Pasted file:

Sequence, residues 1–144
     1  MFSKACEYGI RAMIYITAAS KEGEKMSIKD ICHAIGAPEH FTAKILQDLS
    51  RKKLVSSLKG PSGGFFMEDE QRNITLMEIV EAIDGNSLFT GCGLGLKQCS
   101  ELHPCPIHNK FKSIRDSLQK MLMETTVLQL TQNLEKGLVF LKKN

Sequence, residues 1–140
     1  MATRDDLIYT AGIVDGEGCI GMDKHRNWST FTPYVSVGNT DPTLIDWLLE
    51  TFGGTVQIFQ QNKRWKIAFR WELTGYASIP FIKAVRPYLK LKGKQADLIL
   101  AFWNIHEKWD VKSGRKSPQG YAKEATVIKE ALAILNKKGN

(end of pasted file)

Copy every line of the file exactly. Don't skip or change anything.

Sequence, residues 1–144
     1  MFSKACEYGI RAMIYITAAS KEGEKMSIKD ICHAIGAPEH FTAKILQDLS
    51  RKKLVSSLKG PSGGFFMEDE QRNITLMEIV EAIDGNSLFT GCGLGLKQCS
   101  ELHPCPIHNK FKSIRDSLQK MLMETTVLQL TQNLEKGLVF LKKN

Sequence, residues 1–140
     1  MATRDDLIYT AGIVDGEGCI GMDKHRNWST FTPYVSVGNT DPTLIDWLLE
    51  TFGGTVQIFQ QNKRWKIAFR WELTGYASIP FIKAVRPYLK LKGKQADLIL
   101  AFWNIHEKWD VKSGRKSPQG YAKEATVIKE ALAILNKKGN